“In fact there are no formal commitments from the government to fund the expansion,” said James Loran, a member of a local group opposing upgrades at the airport. “If there were, the city would have something in writing – a Memorandum of Agreement, Memorandum of Understanding, grant award notification, or a letter stating that the city will receive funding. There is no such commitment.
“The claim that the city will be reimbursed for $3 million in past expenditures at the airport, mostly dating back to 2005-2006, is preposterous. In fact only after the city finds another $5 million, probably by borrowing, to purchase additional land and remove the radio towers, would it be eligible to apply for funding. However funding is not automatic nor assured.”
Gary Gates from the FAA stopped short of making any guarantees over reimbursements when he answered questions from the city council last year. But he did say it was the FAA’s full intention to fulfill reimbursements, and added, “we have a pretty good history” of doing so.
The reimbursements are contingent on a couple of key stipulations, primarily that two nearby radio towers would be removed as safety hazards and that the city successfully acquire 17 separate pieces of adjacent land to allow for further site improvements.
“There’s a lot of work ahead but the plan as its currently stands would meet our standards,” Gates said.
The master plan study highlighted a few immediate needs that could be completed within six to 10 years. The taxiways are too narrow and too close to runways; runway protection zones are inadequate; the runway length passed code but meets requirements for just 75 percent of small aircraft; and airspace obstructions like surrounding businesses and radio towers exist. The current aviation forecast does not show a full need to upgrade to B-II standards, but updating the airport would make the current facility safer, according to Jeff Walla from Stelling Engineers.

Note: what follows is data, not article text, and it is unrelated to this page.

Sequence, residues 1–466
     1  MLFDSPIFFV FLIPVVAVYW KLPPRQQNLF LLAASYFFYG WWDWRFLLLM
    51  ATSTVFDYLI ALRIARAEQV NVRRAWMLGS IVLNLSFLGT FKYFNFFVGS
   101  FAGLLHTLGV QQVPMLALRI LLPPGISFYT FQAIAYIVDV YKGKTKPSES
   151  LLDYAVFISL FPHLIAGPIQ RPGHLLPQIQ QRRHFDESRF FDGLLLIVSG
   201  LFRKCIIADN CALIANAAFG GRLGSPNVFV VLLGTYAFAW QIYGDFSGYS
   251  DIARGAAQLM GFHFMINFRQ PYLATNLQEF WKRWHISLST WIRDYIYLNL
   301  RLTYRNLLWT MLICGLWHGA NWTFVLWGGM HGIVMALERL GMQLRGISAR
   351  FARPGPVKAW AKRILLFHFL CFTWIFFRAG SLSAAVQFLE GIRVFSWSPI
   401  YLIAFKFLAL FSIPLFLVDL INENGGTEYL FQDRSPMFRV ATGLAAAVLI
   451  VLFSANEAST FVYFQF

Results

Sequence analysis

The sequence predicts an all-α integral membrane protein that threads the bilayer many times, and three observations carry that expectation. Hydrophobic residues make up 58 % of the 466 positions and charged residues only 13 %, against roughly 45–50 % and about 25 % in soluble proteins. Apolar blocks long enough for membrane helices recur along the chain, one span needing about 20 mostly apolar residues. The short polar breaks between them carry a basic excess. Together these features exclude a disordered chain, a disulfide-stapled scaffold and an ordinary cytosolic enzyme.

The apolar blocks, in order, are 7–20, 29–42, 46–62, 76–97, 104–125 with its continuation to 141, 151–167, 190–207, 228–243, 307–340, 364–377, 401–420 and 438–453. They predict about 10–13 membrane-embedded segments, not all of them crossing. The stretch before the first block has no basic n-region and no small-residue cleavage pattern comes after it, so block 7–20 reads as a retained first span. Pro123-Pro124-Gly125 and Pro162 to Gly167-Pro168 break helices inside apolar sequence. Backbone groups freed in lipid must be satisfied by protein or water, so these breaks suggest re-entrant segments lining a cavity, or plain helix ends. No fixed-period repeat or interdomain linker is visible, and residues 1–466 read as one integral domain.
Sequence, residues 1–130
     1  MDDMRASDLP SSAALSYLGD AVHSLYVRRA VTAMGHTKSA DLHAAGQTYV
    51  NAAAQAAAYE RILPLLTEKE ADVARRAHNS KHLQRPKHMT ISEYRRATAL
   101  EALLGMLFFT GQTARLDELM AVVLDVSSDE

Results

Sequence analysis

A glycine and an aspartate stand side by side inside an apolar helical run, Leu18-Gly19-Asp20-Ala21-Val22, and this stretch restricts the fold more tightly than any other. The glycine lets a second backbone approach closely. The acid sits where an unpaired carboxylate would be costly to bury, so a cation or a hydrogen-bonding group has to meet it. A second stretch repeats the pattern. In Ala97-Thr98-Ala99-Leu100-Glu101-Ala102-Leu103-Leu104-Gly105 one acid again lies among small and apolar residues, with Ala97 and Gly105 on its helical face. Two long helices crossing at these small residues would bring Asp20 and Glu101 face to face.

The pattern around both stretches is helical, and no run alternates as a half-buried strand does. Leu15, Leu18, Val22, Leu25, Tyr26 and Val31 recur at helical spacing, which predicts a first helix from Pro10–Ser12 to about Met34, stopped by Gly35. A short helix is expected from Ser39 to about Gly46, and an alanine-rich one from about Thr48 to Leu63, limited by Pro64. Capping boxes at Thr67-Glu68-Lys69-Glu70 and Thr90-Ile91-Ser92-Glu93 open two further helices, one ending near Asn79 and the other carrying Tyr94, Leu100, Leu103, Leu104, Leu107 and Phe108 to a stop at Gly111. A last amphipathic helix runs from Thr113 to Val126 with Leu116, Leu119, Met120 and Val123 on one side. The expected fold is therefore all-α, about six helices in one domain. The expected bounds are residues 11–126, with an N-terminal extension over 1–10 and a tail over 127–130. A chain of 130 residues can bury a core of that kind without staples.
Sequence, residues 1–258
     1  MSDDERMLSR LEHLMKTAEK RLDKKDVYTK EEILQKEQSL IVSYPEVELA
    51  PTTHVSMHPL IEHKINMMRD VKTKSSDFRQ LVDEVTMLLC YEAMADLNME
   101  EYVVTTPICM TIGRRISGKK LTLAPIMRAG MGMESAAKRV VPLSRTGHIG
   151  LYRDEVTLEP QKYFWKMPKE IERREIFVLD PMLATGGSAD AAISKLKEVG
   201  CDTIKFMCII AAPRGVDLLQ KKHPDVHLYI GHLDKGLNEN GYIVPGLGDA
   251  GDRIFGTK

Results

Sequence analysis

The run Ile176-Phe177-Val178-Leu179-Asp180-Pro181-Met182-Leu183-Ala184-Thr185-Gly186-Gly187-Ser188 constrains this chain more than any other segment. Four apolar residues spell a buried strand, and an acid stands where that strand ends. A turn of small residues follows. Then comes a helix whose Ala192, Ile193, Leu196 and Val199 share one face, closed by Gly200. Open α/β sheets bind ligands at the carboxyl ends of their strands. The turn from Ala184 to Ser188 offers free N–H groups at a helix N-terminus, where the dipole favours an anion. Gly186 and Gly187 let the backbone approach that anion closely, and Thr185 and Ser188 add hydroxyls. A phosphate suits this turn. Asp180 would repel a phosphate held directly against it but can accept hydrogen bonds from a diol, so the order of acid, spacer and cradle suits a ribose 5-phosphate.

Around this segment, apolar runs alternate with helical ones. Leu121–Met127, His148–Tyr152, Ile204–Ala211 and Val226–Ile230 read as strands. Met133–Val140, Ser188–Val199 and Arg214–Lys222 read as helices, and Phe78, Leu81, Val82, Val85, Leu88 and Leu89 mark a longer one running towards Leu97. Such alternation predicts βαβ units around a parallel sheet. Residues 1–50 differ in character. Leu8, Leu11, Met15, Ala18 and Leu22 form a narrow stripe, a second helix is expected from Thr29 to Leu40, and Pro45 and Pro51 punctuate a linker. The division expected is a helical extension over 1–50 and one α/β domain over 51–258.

Opponents have also said the airport has failed to be self sufficient, which it is supposed to do as one of the city’s enterprise fund.
“The history of the airport shows that it has not been able to cover its own operating expenses, let alone provide any reserve for long-term maintenance and repairs,” Loran, with the opposition group, said.
The city has a cash fund from previous land sales that covers cost overruns at the airport. Last year, according to the city budget, the airport had total revenue of $79,220 and expenditures of $80,172.
But Loran says the city has not shown the debt that has accrued to acquire airport assets, which would change the financial picture significantly.
The city is exploring ways to improve financial efficiency at the airport and has a preliminary draft for privatizing management at the site.
Criticism of the municipal airport has also centered on safety and nuisance issues. Opponents of the facility have expressed a desire to better use the centrally located property for a possible events center, among other uses. Others have said airplanes using the facility are a significant safety risk, an argument that intensified last year when a plane crashed into a nearby house. No one was seriously injured.
Based on a counting method, the total estimated aircraft operations for the one-year study period was 13,270. A previous estimate of roughly 41,000 was “erroneously high,” according to Stelling.
There are currently 82 aircraft based at the site, seven of which are based at more than one airport over the course of the year, according to the report. Sixty-nine of the aircraft owners reside in Montana, including 35 from Kalispell.
Last year, councilors balked at making a decision about upgrading the airport and approved a motion to let residents vote on whether to upgrade. But six weeks later, the council rescinded the motion by a narrow 5-4 vote. Then two weeks later, in July 2012, the council voted 5-4 in support of Stelling’s recommendation. Councilors Kari Gabriel, Jim Atkinson, Randy Kenyon, Jeff Zauner and Wayne Saverud voted in support of the resolution while Mayor Tammi Fisher and councilors Tim Kluesner, Phil Guiffrida III and Bob Hafferman were opposed.
In the months following the council’s decision, more than 1,800 signatures were gathered, successfully meeting the requirement for a referendum and putting the final say in the hands of voters.
Stay Connected with the Daily Roundup.
Sign up for our newsletter and get the best of the Beacon delivered every day to your inbox.